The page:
Not Review 2007: Films

Film Once again this year my cinema going was random at best. As I said last year, my approach to film releases has stopped being – chronological. There have been very few films which I’ve dragged myself to the picture house to see and more often than not I’ve completely missed something. So I’d be shocked if any of the Branagh trilogy (man had three films out this year) or Two Days In Paris wouldn’t have been on this list had they actually been on in Liverpool for long enough for me to realise. Anyway, apologies in advance for the mainstreaminess of the films, and I’ve really got my work but out next year catching up on everything. Not that I’ve caught up with 2006 yet. And in case you're wondering I've included films which were released in the UK in 2007 based on this official listing.

Sometimes all that's needed to make a great film is Gerard Butler and pals implacably facing down demon hoards with nothing but some swords and a bit of shouting. Underneath all of that though, the film takes a very interesting theological perspective on the art of war and actually gives the ravishing Lena Headey some cogent political intrigue. Plus Xerxes!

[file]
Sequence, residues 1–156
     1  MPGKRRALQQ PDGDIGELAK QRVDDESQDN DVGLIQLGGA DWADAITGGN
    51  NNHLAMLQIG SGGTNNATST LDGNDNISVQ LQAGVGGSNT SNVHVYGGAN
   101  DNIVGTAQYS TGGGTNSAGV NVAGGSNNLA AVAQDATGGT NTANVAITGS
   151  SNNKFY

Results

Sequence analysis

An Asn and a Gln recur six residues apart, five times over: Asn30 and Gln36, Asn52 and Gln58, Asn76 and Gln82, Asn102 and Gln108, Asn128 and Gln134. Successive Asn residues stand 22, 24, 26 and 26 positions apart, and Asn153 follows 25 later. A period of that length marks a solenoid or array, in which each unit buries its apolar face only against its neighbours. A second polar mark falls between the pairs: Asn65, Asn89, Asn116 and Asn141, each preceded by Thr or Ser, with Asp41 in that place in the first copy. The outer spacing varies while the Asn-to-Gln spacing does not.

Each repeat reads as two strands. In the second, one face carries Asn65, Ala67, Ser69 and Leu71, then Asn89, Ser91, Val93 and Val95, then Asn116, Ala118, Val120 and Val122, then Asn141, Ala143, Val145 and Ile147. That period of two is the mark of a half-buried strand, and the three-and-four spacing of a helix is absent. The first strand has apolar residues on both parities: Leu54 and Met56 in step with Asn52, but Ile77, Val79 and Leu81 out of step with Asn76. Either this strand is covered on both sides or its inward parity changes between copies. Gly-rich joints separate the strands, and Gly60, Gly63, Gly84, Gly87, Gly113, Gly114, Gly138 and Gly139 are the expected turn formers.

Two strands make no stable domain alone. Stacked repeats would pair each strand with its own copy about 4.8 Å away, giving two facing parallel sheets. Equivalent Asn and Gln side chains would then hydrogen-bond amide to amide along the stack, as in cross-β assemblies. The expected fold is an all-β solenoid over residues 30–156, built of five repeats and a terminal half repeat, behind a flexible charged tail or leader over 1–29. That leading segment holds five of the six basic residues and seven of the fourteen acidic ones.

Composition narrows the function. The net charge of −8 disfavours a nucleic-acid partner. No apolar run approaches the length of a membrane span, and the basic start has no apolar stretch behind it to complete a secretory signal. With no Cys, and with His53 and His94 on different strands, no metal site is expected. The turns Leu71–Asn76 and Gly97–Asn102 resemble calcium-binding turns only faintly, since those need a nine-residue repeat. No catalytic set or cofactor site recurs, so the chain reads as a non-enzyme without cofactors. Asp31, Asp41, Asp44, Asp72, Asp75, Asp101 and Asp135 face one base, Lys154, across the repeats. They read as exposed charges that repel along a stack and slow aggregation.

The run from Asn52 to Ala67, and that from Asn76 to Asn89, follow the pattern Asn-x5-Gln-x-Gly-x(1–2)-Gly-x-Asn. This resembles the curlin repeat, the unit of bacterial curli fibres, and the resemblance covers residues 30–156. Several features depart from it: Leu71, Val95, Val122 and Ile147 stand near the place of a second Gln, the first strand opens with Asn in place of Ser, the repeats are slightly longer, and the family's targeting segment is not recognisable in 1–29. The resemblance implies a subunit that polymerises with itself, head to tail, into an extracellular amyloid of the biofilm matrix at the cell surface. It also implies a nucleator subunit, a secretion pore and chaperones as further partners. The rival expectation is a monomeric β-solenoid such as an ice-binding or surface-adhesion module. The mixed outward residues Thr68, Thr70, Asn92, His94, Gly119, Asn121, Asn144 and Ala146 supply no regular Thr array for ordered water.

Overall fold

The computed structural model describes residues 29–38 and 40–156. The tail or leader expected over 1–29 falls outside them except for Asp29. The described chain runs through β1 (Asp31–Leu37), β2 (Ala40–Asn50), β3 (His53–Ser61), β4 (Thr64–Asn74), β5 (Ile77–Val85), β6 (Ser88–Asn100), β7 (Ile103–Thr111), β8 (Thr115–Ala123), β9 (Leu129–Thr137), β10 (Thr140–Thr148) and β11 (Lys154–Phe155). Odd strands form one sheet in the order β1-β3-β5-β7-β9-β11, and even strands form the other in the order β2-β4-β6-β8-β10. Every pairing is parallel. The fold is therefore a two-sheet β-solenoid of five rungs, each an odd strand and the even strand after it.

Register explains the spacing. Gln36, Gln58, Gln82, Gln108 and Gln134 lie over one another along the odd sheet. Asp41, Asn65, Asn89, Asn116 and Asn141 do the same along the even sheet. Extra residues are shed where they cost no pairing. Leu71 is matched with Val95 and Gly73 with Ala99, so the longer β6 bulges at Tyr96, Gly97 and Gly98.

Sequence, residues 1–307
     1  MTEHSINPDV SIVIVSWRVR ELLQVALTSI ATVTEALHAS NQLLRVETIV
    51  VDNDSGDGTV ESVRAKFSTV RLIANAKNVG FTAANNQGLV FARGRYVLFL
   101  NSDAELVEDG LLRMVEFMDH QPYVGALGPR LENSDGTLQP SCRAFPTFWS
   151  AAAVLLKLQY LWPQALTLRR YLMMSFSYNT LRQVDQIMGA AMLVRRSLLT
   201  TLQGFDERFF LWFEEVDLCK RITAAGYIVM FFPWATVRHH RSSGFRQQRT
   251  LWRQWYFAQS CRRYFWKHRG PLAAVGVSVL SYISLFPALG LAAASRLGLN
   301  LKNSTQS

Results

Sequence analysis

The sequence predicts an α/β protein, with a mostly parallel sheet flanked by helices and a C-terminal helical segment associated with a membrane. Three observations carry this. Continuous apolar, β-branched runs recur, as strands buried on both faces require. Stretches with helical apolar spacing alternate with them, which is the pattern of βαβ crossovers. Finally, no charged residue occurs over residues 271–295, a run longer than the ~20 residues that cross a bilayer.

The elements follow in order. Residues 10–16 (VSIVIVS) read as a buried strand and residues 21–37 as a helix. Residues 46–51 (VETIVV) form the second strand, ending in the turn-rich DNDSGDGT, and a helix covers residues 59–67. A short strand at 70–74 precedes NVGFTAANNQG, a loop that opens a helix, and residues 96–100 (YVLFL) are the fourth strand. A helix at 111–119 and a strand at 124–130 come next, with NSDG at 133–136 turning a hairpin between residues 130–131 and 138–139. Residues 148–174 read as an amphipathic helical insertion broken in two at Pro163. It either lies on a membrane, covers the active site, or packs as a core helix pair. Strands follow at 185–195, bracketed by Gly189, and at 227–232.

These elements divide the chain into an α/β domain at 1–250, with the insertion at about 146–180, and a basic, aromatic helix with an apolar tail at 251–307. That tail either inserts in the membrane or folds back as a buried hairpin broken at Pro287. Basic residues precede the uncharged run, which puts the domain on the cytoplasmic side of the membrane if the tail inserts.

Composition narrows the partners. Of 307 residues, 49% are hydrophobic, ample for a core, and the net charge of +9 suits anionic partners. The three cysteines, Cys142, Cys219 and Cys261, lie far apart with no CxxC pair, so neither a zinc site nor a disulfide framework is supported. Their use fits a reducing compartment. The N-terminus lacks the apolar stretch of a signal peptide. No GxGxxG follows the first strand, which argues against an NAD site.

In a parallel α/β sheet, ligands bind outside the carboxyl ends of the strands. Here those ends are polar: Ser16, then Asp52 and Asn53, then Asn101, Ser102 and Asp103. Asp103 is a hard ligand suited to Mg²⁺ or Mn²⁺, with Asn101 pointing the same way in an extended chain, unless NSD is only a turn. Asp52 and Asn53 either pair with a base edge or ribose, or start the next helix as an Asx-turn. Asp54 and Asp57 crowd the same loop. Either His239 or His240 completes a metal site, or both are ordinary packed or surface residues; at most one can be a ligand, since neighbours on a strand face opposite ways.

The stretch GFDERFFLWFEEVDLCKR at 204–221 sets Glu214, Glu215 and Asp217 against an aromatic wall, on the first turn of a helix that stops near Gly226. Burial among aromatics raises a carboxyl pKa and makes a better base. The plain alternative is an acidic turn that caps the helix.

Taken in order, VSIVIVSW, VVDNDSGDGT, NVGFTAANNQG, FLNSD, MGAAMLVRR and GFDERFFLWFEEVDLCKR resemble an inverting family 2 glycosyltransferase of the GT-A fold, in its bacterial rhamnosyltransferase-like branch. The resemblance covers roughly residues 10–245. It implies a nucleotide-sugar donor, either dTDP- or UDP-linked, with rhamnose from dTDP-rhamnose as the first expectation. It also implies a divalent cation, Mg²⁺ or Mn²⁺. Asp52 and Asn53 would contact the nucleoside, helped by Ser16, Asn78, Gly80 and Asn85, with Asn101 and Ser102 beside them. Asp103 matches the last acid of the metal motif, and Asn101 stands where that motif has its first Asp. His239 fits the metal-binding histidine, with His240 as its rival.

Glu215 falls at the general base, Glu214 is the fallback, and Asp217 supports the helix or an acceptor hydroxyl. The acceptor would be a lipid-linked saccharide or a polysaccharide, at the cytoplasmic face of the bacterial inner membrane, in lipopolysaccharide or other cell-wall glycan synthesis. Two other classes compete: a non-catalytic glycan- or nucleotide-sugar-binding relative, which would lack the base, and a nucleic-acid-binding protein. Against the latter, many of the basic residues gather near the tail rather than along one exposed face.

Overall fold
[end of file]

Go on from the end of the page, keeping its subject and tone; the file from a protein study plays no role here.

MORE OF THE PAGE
Hallam Foe
Sometimes quirky is good, and Hallam Foe is oh so very quirky. Demonstrated to me for the first time that Jamie Bell does have the chops for an extended acting career and Sophia Myles confirmed that she’s entirely wasted currently working in an Angel knock-off for US television. It’s also one of the best looking films of the year, the night time scenes of Edinburgh by cinematographer almost worth seeing the film for on their own [full review].

A Prairie Home Companion
Perfect footnote to Robert Altman’s career with a massive improvisational cast, supernatural element and the overall sense of the end of an era – it’s almost as though he knew it would his last film. Musically it’s perfect too, weaving the same magic as Nashville in making country and western listenable [full review].